Coming back into and through Pembroke was an early highlight – a fantastic descent ( 74kmph max. ) loads of people in the town and big smiles. Still feeling great. The section after Carew was my least favourite – quite a few draggy hills and average speed inevitably suffers. Before long though I’m on the road into Narbeth and although the two hills are a bit of a bind, I know the town is going to be a great spot for support and a morale boost ( and some food and spotting another friend ). That’s done and I know the big loop is nearly done, but for the two horrible climbs at Wiseman’s Bridge and Heartbreak Hill at Saundersfoot.
Wiseman’s is fine… slow and steady, heart rate high but nothing worrying. Then the excitement builds as I’ve heard lots about how good HBH is in Saundersfoot – it’s where all the cr@p support is and my family’s there too.
Before you can enjoy it there is a bit of a hill, so it’s out of the saddle and through the worst part. Then the noise builds, you see the pink everywhere and it’s a feeling like no other I’ve had in a race so far. The energy boost is unbelievable. You can be told about, watch it on the montage, but it doesn’t convey just how good that moment is. Heart rate ROCKETS but it doesn’t matter. One of the highlights of my racing life so far.
Rest of the loop is into Tenby ( friends, support ) then out onto the small loop. I’ve got a snickers to look forward to soon just in case this bit is tough mentally but honestly I still feel great. Legs are fine, heart rate is behaving itself and I’m starting to think ‘I’m going under 7 hours here’.
The small loop is quite a lot like the first one. Morale is great, nutrition working pretty well, I know the course well, heart rate decent, speed slowing as expected but better than planned. I enjoy my snickers, take another pee on the go and do HBH for the second time – great support again but not quite as good as the first time. In the distance, heading out of Saundersfoot I see a cr@pper and decide to go say hello. Turns out it’s Tom so we have an impromptu hug, quick chat and agree to see each other on the run shortly. The downhill spin into Tenby is great and as I see runners well into their marathon, my mind turns to the 42km of running I have left and morale starts to dip a touch.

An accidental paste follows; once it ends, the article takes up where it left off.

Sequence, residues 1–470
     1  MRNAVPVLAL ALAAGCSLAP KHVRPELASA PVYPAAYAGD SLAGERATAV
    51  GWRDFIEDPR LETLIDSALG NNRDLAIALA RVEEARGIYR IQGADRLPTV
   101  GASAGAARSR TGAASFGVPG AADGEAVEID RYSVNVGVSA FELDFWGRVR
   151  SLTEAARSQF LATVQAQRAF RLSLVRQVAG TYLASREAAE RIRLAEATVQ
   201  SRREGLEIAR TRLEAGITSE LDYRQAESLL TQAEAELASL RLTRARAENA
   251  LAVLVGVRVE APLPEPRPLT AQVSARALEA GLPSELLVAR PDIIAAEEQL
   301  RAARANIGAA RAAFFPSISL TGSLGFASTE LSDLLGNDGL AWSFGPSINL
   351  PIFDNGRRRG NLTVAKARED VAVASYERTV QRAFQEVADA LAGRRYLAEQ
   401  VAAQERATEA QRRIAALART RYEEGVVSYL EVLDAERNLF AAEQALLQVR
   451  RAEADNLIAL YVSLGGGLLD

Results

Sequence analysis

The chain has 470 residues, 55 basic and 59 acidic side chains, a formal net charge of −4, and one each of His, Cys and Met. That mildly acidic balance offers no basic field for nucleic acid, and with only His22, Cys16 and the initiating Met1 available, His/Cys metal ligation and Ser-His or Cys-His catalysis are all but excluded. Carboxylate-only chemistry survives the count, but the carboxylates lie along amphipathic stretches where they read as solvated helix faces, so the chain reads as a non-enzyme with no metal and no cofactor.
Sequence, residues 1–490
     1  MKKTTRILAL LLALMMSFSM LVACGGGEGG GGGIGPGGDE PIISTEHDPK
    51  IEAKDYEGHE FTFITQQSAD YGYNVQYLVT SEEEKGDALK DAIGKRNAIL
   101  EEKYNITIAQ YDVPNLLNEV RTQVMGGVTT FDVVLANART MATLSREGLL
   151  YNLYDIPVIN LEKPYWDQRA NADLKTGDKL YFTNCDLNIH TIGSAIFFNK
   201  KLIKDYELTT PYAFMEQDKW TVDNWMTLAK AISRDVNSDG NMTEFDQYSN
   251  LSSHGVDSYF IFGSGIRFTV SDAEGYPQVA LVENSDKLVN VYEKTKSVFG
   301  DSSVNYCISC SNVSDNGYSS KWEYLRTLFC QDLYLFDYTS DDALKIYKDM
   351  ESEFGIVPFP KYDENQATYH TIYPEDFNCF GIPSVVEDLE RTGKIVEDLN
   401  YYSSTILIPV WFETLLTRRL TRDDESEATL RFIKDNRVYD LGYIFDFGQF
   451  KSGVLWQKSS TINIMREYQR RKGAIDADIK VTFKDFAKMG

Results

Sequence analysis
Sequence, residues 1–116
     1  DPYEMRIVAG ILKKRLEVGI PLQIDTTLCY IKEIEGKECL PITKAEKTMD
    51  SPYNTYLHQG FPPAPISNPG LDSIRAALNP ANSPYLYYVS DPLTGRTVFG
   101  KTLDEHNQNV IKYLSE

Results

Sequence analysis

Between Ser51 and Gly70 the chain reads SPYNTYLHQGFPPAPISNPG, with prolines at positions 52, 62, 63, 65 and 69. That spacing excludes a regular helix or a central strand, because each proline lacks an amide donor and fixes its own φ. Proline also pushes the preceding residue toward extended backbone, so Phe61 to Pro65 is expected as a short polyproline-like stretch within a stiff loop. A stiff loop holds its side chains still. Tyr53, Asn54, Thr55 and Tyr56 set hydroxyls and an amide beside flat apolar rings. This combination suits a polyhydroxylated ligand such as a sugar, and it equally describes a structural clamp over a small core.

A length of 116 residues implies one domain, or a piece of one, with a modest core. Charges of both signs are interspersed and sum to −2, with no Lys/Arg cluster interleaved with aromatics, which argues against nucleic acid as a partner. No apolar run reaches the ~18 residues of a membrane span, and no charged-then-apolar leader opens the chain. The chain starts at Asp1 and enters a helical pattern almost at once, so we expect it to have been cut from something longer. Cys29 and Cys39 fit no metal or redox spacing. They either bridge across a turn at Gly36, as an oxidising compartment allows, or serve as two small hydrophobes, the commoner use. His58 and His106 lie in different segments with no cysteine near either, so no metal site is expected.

Bike time is 6h 49 – catching up with the pack as I finish that discipline 892nd ( 196th in age group ). That’s about 20 mins quicker than target, more time in the bank. 26kmph average speed.
Transition two is thankfully quicker than T1 ( 5 mins and let’s be fair, there’s no rush ). I grab the right bag, swap t shirt ( more lovely pink ) and set out.
The run is a very tough one. 600m of climbing over the marathon and some nasty hills, mainly on the way out to the turn points. The first lap is OK – 5m 45 per km, in line with target. I’ve agreed with coach Lawrence I’ll try and go for 2 hours for the first two loops and then make it up as we go along after that. At that point I’m feeling good, but my mind keeps turning to how much of the run is left, rather than focusing on specific points and breaking it up.
There’s LOADS of support though, especially at cr@p towers and at our house in town. In flagrant breach of the outside assistance rule, Karen and the kids offer all sorts of treats at the end of lap 1, but I’m feeling good so press on. The end of the lap comes tantalizingly close to the finish line but you swing right at the last minute. I’m jealous as hell of the guys with all four lap bands who get to go straight onto the red carpet.
Lap 2 starts to get harder. The hills are biting but I’m determined to run the whole thing apart from feed stations. I’ve also brought 6 gels, but quickly realize I’m not going anywhere near them as my stomach is feeling on the edge of getting ropey. Mid way through lap two I’m feeling I might need a more serious toilet stop, so decide to back Andrew’s advice from a previous race report ( ‘Don’t trust an Ironman fart’ ) and I stop at the house for a toilet break – much to the amusement of the supporters in the street. I grab some water on the way out ( luckily no referee in sight ) some Haribo and press on.
I see my coach who says ‘keep it controlled G’. I find myself keeping up with him on the run and quickly scold myself for being stupid.. ‘slow down Geraint’.
My watch starts to throb every now and then saying “Low Batt” and so I fear I’ll be doing some or even most of the run on feel. First two laps done in line with target – I could be on for a really decent time here.
Lap 3 starts to get really tough, but I’m still running. Speed slips to over 6m per km, but still on track to break target total time. The hills are horrible now but my body is still working. Salt tabs are helping and I’m remembering how much better I feel today than back in Puerto Rico when my world ended on the run. I’m succeeding in breaking down the last two laps into chunks and am delighted when I get my third lap band – a big milestone. It’s downhill then into town where the support is getting louder and drunker. More water from the house and then it’s onto the final lap.